We feed grain all year. We feed three different
grain mixes depending on the needs of the goat.
Our bucks get a goat feed mixed by our mill. It
contains corn, oats, soybean, molasses, minerals and ammonium chloride.
Our does are fed a grain mix of corn, barley,
alfalfa pellets, goat feed, and sunflower seeds.
Our kids are fed a mix of Starmaster medicated goat
feed, calf manna, sunflower seeds and alfalfa pellets.
Free choice minerals are offered at all times
including selenium, sulfur, baking soda and kelp when available.
We feed second cutting grass hay.
Fresh water is always available.
We follow the FAUMACHA method of worming and worm
when needed, not on a schedule.
We worm with all three families of wormers rotating
wormers when one looses its effectiveness. We prefer Cydectin, Dectomax
(injectable), Valbazen, and Prohibit. We do not worm with Ivomec or
Safeguard because we have not seen good results with these wormers.
We use Ivomec Pour-On for lice and delice our goats
at shearing and as needed. Goats are always treated before leaving the
We shear twice a year: spring and fall.
We depend on the weather to determine actual times.
We like to shear in Feb/March and August/Sept. But we are flexible about
We shear with dog clippers with blocking blades. I
like the Andis pro clipper with the 2 speeds, but any powerful
professional clipper will work and I have used these for years. They
work on all my herd and I have sheared a lot of goats with those. I do
not like sheep shears because of the weight, heat and vibration and the
added danger to both myself and the animal, but this is my choice and
there is nothing wrong with using sheep shears.
I shear on a shearing stand and feel it is an
excellent investment both for the ease of handling and for the back
strain it prevents for me. I can take my time and enjoy getting to know
the fleece of the animal as I shear. I skirt as I shear.
I trim hooves at shearing and as needed.
I use woven wire goat fence with a hot wire 15" off
the ground for most of my fence. I also use cattle and goat panels.
I do not ever use barbed wire and feel it is very dangerous for angoras
because they get tangled in it and can die from exposure. High tensile
and straight electric fence did not work for my goats.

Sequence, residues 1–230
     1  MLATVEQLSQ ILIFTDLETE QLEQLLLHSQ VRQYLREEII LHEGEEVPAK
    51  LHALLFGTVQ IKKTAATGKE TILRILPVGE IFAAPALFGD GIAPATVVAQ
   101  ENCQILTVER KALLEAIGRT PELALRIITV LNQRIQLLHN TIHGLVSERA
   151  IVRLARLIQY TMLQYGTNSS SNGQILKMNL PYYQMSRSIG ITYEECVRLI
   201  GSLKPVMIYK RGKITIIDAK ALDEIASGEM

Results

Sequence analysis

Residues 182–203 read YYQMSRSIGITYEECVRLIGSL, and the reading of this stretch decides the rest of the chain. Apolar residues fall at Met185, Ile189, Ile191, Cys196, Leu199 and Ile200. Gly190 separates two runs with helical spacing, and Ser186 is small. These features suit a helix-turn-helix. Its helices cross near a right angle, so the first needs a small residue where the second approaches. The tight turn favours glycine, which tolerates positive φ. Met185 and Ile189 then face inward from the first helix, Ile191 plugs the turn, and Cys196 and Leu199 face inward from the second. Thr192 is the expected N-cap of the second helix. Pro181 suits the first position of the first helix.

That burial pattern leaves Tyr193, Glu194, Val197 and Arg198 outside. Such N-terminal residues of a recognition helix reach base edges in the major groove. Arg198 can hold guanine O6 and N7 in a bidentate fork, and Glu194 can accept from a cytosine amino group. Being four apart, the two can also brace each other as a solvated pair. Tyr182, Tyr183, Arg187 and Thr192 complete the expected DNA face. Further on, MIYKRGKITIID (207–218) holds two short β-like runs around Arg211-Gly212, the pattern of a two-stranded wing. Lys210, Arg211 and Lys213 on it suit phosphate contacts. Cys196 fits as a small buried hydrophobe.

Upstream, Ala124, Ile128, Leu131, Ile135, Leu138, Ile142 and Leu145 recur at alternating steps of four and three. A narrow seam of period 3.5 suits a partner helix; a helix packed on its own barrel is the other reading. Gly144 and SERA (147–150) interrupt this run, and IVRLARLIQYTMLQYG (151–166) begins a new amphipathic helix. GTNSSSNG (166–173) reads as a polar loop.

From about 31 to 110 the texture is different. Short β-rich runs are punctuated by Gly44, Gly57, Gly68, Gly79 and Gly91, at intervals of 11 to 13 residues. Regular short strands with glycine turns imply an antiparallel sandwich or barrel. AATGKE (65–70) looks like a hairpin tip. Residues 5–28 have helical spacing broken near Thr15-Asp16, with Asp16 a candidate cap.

We do have predators where we are and keep donkeys
to protect the herd as well as bringing the goats into the barn every
We use scrapie tags to identify our angora goats
and tattoos to identify our dairy goats.
We vaccinate all our goats for CD&T and in years
where rabies is high we vaccinate for that as well. BoSe and MuSe
are also used in the herd.
We like using a van or car or SUV to transport
because we can keep an eye on the goats and they are kept at a
comfortable temperature since we are there. Trucks with caps work as
long as the cap is secure and air flow is good. Horse and stock trailers
are fine, but the goats are small so it may be a lot of gas to use if
you are only transporting a couple goats. Don't use sawdust or wood
chips if there is a chance of it blowing around because it can get into
their eyes and throat and cause irritation.
Council of America
Normal Goat Health:
Temperature = 102.5 - 104 - This varies depending on the temperature of
the goat's surroundings.
Pulse rate = 70 - 80 beats per minute
Respiration =15 to 30 per minute
Rumen (stomach) movements = 1 - 1.5 per minute
Puberty = 7 weeks - 8 months (angora goats mature a bit slower)
Estrus/Heat Cycle = 17 to 23 days
Gestation = 143 to 155 days
Care (My hat goes off to Fias Co Farm for compiling all this
Goat Information ( an excellent site for information)
Vet Manual on line
Adults wormed with Valbazen 6/6/09
Adults wormed with Cydectin 5/29/09
kids treated with corrid 5/23/09
kids wormed with valbazen and given
cd&t and MuSe boosters 5/24/09
hooves trimmed on kids 5/24/09